You can view the all current desert landscape work here
With the Olympics starting in Japan it seems somehow fitting that my new additions to the Variegated collection ended up working so beautifully with Japandi decor style currently becoming very popular around the globe.
Several paintings have been released as part of my Variegated collection looking at organic patterns found at the microscopic level in leaves. Using a soft white wax over board allows for the beautiful natural wood grain to show through. Finished on top with white detail and a scattering of cut paper in a mix of metallics and neutral tones.
The calm, muted colours, focus on natural materials and organic shapes creates a Japandi style aesthetic. Japandi being a hybrid of Japanese and Scandinavian design, zen meets hygge if you like. At the heart of these works is the idea of embracing simplicity and celebrating the beauty of imperfections in nature, a core belief of wabi-sabi.
You can view the whole set of new works currently under 'latest collection'
Bit of fun to end the week on. Sometimes I know exactly what I'm going to call a painting before I even begin, and other times I can't for the life of my think of a good name for my artwork. So if you're an artist and you get stuck on what to call your next piece - try this out! LOL
I've found over the years as an artist that some of my most successful work, or the pieces I feel have turned out best, happened when I worked with a limited or restricted colour palette. Over time I've been narrowing down the colours I like to work with and this is my latest update.
One of the best ways to develop a colour palette for paintings I find is to mood board. You can do this the analogue way, cutting out pictures from magazines and stick them in your journal, but I prefer to gather images together then photoshop them. Creating a Pinterest board is another great way to collect images that inspire you.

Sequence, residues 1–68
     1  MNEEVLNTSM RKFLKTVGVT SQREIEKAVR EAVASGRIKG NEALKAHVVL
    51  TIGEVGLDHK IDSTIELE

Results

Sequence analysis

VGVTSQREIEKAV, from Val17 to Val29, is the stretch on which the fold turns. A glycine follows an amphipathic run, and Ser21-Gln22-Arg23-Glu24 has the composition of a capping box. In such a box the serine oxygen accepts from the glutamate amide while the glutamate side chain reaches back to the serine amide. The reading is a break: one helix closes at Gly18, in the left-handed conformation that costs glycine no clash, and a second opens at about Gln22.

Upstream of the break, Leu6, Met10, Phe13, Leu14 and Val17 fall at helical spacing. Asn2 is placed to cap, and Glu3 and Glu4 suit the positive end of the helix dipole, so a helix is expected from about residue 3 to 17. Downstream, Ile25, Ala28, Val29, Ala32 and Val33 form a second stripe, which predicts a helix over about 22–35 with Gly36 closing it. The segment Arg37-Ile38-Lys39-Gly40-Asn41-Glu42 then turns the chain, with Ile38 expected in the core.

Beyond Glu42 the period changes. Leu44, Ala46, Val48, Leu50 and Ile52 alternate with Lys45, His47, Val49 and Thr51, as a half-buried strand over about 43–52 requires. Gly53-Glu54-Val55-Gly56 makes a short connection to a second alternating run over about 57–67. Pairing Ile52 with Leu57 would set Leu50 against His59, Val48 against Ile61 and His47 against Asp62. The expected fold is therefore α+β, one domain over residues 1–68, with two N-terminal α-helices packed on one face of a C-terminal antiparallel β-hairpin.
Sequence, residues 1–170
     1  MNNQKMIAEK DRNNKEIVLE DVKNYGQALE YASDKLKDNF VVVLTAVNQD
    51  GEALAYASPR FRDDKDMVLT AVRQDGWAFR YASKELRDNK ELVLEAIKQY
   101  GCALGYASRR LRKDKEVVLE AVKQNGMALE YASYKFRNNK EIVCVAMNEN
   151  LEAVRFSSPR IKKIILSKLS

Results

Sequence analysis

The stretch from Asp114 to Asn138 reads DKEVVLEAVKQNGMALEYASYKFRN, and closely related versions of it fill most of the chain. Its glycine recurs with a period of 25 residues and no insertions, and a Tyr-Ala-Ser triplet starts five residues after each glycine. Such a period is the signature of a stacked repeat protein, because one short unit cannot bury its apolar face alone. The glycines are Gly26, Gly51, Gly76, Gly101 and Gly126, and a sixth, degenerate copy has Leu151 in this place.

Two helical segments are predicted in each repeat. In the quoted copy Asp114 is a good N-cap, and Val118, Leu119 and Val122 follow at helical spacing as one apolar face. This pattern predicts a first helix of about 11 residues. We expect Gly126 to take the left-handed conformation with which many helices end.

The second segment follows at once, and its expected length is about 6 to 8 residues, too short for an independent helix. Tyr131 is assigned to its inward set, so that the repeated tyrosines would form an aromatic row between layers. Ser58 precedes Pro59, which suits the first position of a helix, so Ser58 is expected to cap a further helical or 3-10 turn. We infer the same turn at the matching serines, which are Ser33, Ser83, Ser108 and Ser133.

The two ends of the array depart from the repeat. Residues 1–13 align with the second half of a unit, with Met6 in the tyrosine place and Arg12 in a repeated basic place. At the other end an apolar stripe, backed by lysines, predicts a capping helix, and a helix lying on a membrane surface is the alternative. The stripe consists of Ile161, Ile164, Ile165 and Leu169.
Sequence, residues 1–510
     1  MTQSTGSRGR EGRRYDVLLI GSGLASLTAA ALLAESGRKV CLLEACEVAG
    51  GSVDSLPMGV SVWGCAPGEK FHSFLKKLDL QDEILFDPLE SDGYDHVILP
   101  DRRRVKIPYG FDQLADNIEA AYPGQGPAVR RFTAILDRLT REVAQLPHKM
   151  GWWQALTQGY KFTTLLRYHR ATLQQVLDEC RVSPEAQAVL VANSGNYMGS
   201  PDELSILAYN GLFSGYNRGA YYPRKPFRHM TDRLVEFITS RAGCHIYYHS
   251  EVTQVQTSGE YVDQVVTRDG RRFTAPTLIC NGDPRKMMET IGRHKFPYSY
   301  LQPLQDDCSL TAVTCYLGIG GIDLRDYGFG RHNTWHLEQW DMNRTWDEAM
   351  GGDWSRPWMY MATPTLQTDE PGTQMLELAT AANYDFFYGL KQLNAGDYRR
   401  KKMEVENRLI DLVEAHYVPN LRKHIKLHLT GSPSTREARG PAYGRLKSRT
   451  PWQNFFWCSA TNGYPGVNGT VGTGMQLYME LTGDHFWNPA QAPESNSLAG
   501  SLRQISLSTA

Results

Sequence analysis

It was important for me going forward to make sure my colour palette reflects the Australian landscape. Keeping the bold blues, turquoise and red I often work with but combining them with the more muted tones of gum trees and deep ocean.
This month I'll be taking part in the Brisbane Art and Design Festival with the Landing group show at The Side Gallery, Red Hill. You can see two of my woven pieces on show 'Moreton Bay Morning' and 'The Mock Orange Trees'
Landing is a group show that explores themes inspired by or relating to Brisbane/Meanjin, its people, land, objects, the environments and multitude of businesses of the greater Brisbane city.
The Landing group show consists of small works, no larger than 30 x 30 cm including painting, sculpture, prints and textiles!
Side Gallery, 7 Emma Street, Red Hill
Jennifer is a contemporary Australian artist based in Brisbane, Queensland. Know for her highly decorative paintings and unique paper weavings, she explores pattern and visual perception, often highlighting the beauty in the ordinary.